Academic Productivity and E-Books

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Libraries’ spending for e-books is increasing dramatically; and Duke Libraries have developed a detailed and thoughtful strategy to help drive the development of optimal e-book functionality for researchers.

I reviewed An economist gets lunch last week in its Barnes & Noble e-book format to see how close this particular e-book tech and tool suite came to matching my own expectations for e-book functionality and academic productivity. I defined “academic productivity” as interacting in a time-effective way with the e-text to produce a semi-scholarly end product — the book review.

The “Bad” (No cloud storage or syncing) – Before starting the process, I had hoped that the highlighting and annotations features of the Nook for PC software would allow my interactions to be saved in the cloud and synced to my Nook Simple Touch e-reader. Alas, this is not the case. Highlights and annotations made on one Nook software platform or device, stay on that device and are not saved to the cloud and synced across a user’s Nook devices. This has been a known problem with Nook for at least a year, and may negatively impact its usefulness for academic work. I was limited to working productively on the Nook for PC software on my work computer.

No copy & paste available – It’s understandable that publishers and authors wouldn’t want large amounts of text to be easily copyable; but the inability to copy & paste small amounts of text for quotes in more scholarly papers means users will be re-keying text. A publisher of CD-ROM-based theological e-texts, Libronix, permits copy and paste, and automatically embeds a properly formatted citation following the copied and pasted text. E-books would certainly be more useful if this feature were more widespread.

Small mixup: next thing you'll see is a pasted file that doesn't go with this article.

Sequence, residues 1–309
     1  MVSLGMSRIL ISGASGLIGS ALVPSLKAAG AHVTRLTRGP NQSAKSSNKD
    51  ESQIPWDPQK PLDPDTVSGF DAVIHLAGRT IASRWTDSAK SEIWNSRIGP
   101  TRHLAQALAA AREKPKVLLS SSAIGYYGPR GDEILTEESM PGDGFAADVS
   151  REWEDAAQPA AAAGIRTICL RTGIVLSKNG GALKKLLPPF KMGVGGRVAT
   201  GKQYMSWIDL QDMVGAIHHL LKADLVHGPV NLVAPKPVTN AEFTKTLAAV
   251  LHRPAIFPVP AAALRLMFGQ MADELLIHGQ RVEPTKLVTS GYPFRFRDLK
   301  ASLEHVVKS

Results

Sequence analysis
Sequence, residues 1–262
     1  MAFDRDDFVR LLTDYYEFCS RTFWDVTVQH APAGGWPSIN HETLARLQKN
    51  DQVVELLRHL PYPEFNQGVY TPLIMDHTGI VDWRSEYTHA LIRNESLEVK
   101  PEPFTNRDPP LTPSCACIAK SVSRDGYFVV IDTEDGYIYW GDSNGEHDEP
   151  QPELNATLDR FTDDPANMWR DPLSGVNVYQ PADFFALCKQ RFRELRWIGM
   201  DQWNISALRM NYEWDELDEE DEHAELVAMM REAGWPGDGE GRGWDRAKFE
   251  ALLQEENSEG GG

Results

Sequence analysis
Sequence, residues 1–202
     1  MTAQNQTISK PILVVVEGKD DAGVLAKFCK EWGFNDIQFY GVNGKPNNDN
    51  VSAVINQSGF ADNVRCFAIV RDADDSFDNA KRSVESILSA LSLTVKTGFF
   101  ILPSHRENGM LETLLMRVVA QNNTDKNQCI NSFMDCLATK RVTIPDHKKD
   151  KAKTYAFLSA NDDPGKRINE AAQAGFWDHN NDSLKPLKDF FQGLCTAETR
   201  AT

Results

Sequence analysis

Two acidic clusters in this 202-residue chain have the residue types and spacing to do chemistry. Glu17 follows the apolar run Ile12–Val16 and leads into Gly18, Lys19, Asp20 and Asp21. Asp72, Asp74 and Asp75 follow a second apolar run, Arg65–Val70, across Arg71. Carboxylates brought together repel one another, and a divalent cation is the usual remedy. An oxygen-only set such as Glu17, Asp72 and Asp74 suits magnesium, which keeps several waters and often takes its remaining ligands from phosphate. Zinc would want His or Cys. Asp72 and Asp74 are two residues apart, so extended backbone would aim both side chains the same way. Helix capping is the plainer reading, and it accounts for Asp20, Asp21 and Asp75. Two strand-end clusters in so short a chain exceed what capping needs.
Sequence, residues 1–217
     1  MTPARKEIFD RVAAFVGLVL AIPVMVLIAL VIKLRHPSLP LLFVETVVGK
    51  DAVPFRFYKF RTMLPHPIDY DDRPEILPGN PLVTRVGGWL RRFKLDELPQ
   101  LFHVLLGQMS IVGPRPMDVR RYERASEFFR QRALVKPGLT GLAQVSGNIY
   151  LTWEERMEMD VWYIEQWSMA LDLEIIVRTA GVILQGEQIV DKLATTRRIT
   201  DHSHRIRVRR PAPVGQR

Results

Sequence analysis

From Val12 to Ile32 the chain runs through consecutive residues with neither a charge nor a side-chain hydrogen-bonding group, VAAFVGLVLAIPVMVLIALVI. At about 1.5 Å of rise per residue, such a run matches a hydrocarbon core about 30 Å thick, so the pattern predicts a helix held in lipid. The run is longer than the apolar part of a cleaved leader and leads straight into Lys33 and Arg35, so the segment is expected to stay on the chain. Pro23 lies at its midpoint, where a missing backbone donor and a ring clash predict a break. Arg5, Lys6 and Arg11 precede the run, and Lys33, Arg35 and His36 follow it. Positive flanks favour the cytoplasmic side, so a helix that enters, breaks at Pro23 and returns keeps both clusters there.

The “Good (interface & highlighting tool) – The Nook for PC software has a clean interface and the collapsible side menus for the table of contents and tools make it easy to use. Text in an e-book can be selected for highlighting or annotation with a right mouse button click. Both highlights & annotations are saved to their own lists in collapsible side columns. A highlight will display about the first 15 characters of the highlighted text; and an annotation will display the same number of characters for a reader’s note. Both of these tools are handy when you need to navigate the text to re-locate key passages. But the highlight and annotation fill colors are exactly the same, and cannot be customized. This makes it difficult to distinguish between the two types of user interaction when viewing a page without the side columns expanded.

Suggested improvements – The lack of syncing needs to be corrected soon. While my personal preference for working with and producing digital text is still a standalone physical keyboard & mouse, more users than ever are interacting with e-books on tablets, phones, and e-readers. The inability to view and edit my interactions with e-text across devices was an annoyance, and tied me to a single device and location. Other users may find this defect to be a deal-breaker when choosing an e-reader product family for purchase.

Despite the above criticisms, I still found the experience of reading, and marking for later review, passages in the e-book to be a more time-effective way for me to interact with text than working with the print book when I needed to produce a deliverable. It will be interesting to see how well e-book publishers and their software developers react to the needs of the academic market, as opposed to the consumer reading market. Librarians have a key role to play in communicating and making sure publishers understand the unique needs of our users and market.

© Reviewer: Carlton Brown & Ford Library – Fuqua School of Business.
All rights reserved.


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